|Year : 2020 | Volume
| Issue : 1 | Page : 1-3
Research on the role of toll-like receptor 2 and toll-like receptor 4 and its signal pathway in the pathogenesis of primary gout arthritis
RJ Cui1, M Li2, G Tuerxun2, Y Li3, SS Xie4
1 Department of Rheumatology and Immunology, College of Educational Science, Xinjiang Normal University, Urumqi, China
2 Department of Endocrinology, College of Educational Science, Xinjiang Normal University, Urumqi, China
3 Department of Emergency, Sixth Affiliated Hospital of Xinjiang Medical University, Urumqi, China
4 Department of Psychological, College of Educational Science, Xinjiang Normal University, Urumqi, China
|Date of Submission||18-Jun-2019|
|Date of Acceptance||18-Sep-2019|
|Date of Web Publication||12-Jun-2020|
Dr. R J Cui
Department of Rheumatology and Immunology, Sixth Affiliated Hospital of Xinjiang Medical University, Urumqi
Source of Support: None, Conflict of Interest: None
Objectives: The study objective was to research the role of toll-like receptor (TLR) 2 and TLR 4 and its signal pathway in the pathogenesis of primary gout arthritis. Methods: Seventy-two patients with primary gout arthritis were selected as the experimental group and 72 healthy controls were selected as the control group. The real-time fluorescence quantitative polymerase chain reaction method was used for testing. Blood uric acid (UA) level, interleukin (IL) IL-1β level, and TLR4 and TLR2 were observed in the two groups. Results: Compared with the control group, the levels of UA, IL-1β, and TLR4 in the observation group were significantly higher than those in the control group, and there was a statistically significant difference between the two groups (P < 0.05). There was no positive correlation between plasma UA level, IL-1β level, and TLR2 (P > 0.05). There was no correlation between TLR2 and serum UA level and IL-1β level in the control group (P > 0.05). Conclusions: TLR4 and IL-1β signaling acceleration is closely related to gouty arthritis. When the TLR4 signal pathway is activated, the UA salt crystal changes in the patient's body.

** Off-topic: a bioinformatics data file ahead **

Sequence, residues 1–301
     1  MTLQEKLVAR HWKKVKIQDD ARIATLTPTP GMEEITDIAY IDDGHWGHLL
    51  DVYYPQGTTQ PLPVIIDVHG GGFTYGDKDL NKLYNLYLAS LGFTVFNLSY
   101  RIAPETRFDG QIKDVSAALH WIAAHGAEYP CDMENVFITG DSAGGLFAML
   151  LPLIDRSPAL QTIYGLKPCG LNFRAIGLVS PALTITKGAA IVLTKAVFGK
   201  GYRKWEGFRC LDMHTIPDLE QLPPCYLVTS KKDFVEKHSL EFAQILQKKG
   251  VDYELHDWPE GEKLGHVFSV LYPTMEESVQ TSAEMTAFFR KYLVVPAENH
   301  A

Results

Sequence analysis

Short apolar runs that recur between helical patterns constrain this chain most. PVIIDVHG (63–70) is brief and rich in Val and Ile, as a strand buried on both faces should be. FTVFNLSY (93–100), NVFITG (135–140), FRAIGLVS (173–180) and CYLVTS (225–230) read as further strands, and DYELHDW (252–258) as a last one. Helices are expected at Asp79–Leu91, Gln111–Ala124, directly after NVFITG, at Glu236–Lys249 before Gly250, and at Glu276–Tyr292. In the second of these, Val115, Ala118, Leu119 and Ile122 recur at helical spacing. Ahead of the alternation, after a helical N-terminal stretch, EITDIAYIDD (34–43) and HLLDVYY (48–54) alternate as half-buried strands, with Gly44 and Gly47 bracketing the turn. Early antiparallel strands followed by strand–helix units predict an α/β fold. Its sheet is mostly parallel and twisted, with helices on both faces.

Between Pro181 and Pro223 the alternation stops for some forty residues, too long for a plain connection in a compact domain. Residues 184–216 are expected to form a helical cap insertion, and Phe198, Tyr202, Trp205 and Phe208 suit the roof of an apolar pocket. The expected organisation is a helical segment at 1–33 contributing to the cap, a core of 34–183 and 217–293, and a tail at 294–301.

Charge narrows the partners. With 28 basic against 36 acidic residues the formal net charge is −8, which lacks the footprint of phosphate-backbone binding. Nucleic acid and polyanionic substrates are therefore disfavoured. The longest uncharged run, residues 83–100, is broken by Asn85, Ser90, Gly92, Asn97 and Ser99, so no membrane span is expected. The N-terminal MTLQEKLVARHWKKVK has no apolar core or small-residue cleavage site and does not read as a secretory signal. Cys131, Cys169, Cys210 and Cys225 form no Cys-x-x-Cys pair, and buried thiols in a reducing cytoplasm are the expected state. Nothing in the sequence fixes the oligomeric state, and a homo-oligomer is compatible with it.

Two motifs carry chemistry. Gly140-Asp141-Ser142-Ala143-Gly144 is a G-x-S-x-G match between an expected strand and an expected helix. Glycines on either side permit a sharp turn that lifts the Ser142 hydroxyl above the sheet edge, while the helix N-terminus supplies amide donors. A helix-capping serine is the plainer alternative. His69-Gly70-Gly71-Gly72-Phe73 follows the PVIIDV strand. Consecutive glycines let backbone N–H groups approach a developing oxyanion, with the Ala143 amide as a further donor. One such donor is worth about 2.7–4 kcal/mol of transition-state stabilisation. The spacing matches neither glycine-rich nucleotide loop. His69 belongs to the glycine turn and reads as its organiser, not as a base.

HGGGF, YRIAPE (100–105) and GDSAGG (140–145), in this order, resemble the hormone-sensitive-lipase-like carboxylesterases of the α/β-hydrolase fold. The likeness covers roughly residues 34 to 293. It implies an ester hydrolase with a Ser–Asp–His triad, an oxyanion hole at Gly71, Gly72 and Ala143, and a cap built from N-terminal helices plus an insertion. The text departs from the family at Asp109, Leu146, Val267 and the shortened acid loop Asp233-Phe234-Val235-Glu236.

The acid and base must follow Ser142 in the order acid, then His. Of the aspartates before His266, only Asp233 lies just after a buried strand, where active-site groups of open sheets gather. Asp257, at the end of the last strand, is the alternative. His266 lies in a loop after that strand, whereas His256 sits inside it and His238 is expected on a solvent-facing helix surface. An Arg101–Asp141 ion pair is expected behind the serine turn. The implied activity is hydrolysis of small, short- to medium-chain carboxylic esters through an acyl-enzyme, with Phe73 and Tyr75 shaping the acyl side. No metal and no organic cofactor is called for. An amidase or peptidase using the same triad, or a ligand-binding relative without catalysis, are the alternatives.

Keywords: Blood lipid metabolism, cardiovascular, serum cytokines, winter swimming
|How to cite this article:|
Cui R J, Li M, Tuerxun G, Li Y, Xie S S. Research on the role of toll-like receptor 2 and toll-like receptor 4 and its signal pathway in the pathogenesis of primary gout arthritis. Matrix Sci Pharma 2020;4:1-3
|How to cite this URL:|
Cui R J, Li M, Tuerxun G, Li Y, Xie S S. Research on the role of toll-like receptor 2 and toll-like receptor 4 and its signal pathway in the pathogenesis of primary gout arthritis. Matrix Sci Pharma [serial online] 2020 [cited 2020 Oct 30];4:1-3. Available from: https://www.matrixscipharma.org/text.asp?2020/4/1/1/286570
| Introduction|| |
Gout is a syndrome, which is characterized by elevated urate and monosodium urate (MSU) crystal deposition in tissues, leading to arthritis, soft-tissue masses (i.e., tophi), nephrolithiasis, and urate nephropathy. Toll-like receptors (TLRs) are pattern recognition receptors of innate immunity, which can recognize pathogen-associated molecular patterns and damage-associated molecular patterns. TLR4 is the receptor most thoroughly investigated in the TLR family, and it has been characterized as the receptor for Gram-negative lipopolysaccharide (LPS) and some endogenous ligands such as MSU, heat shock proteins, fragments of hyaluronic acid, and fibronectin.